Tularemia Fact Sheet

Picture of a tick that can cause tularemia.

Ticks can carry tularemia bacteria

On this page:
What is tularemia?
How do you get tularemia?
Can you get it from other people?
Why is it considered a possible terror weapon?
Can it be treated?
Can it be prevented?
What should I do if I think I may have been exposed to tularemia?

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What is tularemia?

Tularemia is a disease caused by a very hardy, extremely infectious kind of bacteria. The bacteria can survive for up to several weeks in hay, water, soil or animal carcasses.

The symptoms of tularemia can vary, depending on how you’re exposed to it. They can include skin ulcers, swollen and painful lymph glands, inflamed eyes, sore throat, sores in the mouth, or pneumonia. If you inhale the bacteria, symptoms can include a fever that comes on suddenly, chills, headache, muscle aches, joint pain, a dry cough, and increasing weakness. If it develops into pneumonia, tularemia can cause chest pain, bloody discharge, difficulty breathing or breathing failure.

Symptoms most often appear three to five days after you’re exposed to the bacteria, but they can show up anytime between one and 14 days after exposure.

Unless they are treated with antibiotics, people with lung disease – or a general tularemia infection – are at serious risk. Without treatment, 30 to 60 percent of people with this form of the illness may die

About 200 people a year, nationwide, become ill with tularemia from natural sources – mostly in the western and south-central part of the U.S. Five cases have been reported in Minnesota over the last ten years.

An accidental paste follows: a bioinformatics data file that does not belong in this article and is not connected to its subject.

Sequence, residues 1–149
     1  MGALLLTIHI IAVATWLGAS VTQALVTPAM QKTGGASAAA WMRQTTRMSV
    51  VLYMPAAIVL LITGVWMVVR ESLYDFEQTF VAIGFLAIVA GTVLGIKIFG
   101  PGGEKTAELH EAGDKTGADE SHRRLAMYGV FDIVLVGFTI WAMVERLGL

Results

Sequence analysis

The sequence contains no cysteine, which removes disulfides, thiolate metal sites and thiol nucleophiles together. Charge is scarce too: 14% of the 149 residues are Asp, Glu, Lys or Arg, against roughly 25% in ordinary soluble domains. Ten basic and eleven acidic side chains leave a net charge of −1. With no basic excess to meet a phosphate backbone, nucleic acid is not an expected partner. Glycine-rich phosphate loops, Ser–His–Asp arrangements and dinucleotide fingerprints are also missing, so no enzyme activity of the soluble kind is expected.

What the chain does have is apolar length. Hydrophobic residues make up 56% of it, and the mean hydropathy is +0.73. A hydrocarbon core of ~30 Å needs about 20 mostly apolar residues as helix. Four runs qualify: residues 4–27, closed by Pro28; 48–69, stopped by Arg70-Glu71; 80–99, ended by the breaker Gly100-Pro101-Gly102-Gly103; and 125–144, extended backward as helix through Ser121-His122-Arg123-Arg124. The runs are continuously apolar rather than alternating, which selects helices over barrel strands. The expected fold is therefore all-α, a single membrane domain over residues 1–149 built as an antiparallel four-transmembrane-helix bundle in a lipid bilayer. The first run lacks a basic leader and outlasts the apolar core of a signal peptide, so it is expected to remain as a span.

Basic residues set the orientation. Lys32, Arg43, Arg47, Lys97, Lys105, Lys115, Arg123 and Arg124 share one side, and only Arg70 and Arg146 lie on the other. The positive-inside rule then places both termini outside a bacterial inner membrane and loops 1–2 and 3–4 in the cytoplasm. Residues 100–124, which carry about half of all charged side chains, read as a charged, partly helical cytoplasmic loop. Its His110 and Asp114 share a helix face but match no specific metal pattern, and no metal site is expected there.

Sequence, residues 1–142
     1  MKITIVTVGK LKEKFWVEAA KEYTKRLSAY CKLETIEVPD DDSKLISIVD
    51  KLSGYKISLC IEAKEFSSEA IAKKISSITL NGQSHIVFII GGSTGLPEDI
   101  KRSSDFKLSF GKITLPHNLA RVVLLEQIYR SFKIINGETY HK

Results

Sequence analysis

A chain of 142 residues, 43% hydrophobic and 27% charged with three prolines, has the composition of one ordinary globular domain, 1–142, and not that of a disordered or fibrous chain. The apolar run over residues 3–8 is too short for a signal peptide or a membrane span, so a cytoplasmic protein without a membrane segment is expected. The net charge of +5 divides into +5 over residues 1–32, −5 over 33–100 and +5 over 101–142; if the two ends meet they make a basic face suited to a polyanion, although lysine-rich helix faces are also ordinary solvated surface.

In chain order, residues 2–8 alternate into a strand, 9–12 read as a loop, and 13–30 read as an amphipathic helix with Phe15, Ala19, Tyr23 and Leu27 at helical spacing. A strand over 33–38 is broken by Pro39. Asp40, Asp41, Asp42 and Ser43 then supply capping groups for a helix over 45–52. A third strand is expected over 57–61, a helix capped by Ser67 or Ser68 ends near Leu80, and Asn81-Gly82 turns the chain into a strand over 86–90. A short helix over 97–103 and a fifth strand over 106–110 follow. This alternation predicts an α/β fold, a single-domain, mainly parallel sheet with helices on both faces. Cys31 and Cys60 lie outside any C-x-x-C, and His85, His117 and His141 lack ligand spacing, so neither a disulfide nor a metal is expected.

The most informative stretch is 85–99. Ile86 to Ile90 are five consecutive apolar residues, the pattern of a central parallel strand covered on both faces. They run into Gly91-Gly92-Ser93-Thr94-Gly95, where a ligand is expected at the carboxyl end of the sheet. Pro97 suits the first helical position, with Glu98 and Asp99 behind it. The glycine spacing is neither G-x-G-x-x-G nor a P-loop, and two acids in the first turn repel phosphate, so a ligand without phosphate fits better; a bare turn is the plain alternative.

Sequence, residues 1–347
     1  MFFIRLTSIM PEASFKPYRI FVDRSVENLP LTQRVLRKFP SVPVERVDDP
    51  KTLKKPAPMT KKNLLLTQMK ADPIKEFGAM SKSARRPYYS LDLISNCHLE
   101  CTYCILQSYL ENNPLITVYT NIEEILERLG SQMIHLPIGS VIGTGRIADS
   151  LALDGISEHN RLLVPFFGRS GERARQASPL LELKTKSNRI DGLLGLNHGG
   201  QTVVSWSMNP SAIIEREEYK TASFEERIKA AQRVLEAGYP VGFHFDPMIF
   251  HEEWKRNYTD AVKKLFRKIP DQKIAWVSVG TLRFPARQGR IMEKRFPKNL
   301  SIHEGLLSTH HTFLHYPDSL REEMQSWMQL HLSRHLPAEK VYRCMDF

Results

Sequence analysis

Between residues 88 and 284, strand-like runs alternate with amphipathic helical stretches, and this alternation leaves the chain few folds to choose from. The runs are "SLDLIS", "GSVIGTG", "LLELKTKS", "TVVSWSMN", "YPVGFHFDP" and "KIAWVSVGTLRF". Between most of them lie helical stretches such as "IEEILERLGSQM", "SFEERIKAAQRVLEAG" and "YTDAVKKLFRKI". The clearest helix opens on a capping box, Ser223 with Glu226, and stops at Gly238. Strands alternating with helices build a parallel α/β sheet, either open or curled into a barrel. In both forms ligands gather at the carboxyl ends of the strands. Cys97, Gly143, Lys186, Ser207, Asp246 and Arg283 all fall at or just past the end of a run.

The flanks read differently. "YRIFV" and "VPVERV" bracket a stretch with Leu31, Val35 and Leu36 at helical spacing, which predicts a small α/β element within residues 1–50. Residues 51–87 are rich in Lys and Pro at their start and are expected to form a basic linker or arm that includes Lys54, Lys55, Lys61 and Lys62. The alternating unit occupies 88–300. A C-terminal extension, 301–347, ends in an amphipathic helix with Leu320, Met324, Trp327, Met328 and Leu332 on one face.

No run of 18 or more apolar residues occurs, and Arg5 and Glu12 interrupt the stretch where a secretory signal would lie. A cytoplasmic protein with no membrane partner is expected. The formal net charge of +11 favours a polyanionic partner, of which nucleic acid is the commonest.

How do you get tularemia?

Tularemia is easy to catch – as few as 10 to 50 individual bacteria can make you sick. Natural sources of the bacteria include small animals like voles, mice, squirrels, rabbits, and hares.

People can get it:

  • from the bite of ticks, biting flies and other bugs
  • by handling infected animals or animal carcasses
  • by consuming or having direct contact with contaminated food, water or soil
  • by inhaling airborne bacteria in the laboratory and similar settings

Use of tularemia as a weapon would probably involve releasing it into the air, in a populated area.

Can you get it from other people?

Spread of the illness from one person to another has never been known to occur. It’s also unlikely that people would continue to be infected after the bacteria are first released. It’s believed that bacteria released into the air would not survive long.

Why is it considered a possible terror weapon?

Although it may be hard to do, releasing tularemia into the air – in a populated area – could be a very effective terror weapon.
The first sign of a possible tularemia attack would be a wave of people seeking medical treatment, about three to five days later. Many people could die if they don’t get antibiotic treatment.

The World Health Organization (WHO) has estimated that 50 kilograms (110 lbs.) of tularemia bacteria – released into the air over a city of five million people – would cause very serious problems. WHO believes such an attack would cause about 250 thousand cases of severe illness, and 19 thousand deaths.

Tularemia has several traits that the U.S. Centers for Disease Control and Prevention (CDC) uses to identify possible bioterrorism weapons:

  • There are easy ways to spread it, even if it can’t be passed from person to person.
  • It could have a large impact on human health, including a high death rate.
  • It could cause widespread panic and social disruption.
  • Special measures are necessary to prepare for a possible tularemia attack

Can it be treated?

Antibiotics can be used to treat lung disease and general illness caused by inhaled tularemia. Without treatment, 30 to 60 percent of people with this form of the disease may die. With treatment, the current death rate for tularemia in the U.S. is less than two percent.

Can it be prevented?

No vaccine is currently available for the general public. The U.S. Food and Drug Administration is currently testing a possible vaccine for lab workers.

What should I do if I think I may have been exposed to tularemia?

If you had been exposed to tularemia, it’s unlikely that you would know it. However, if you’re concerned about it, talk to your doctor immediately. If you see any suspicious situations or activity in your community – including possible use of disease germs as weapons – alert your local law enforcement agency.


Updated Wednesday, December 01, 2010 at 02:59PM